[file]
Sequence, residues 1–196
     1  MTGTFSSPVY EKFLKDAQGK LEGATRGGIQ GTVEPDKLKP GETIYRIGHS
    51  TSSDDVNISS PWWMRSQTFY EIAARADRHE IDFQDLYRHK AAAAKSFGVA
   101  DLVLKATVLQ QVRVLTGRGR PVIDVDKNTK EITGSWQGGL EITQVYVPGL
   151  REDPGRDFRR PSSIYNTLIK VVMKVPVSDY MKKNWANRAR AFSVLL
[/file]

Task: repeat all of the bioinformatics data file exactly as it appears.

Sequence, residues 1–196
     1  MTGTFSSPVY EKFLKDAQGK LEGATRGGIQ GTVEPDKLKP GETIYRIGHS
    51  TSSDDVNISS PWWMRSQTFY EIAARADRHE IDFQDLYRHK AAAAKSFGVA
   101  DLVLKATVLQ QVRVLTGRGR PVIDVDKNTK EITGSWQGGL EITQVYVPGL
   151  REDPGRDFRR PSSIYNTLIK VVMKVPVSDY MKKNWANRAR AFSVLL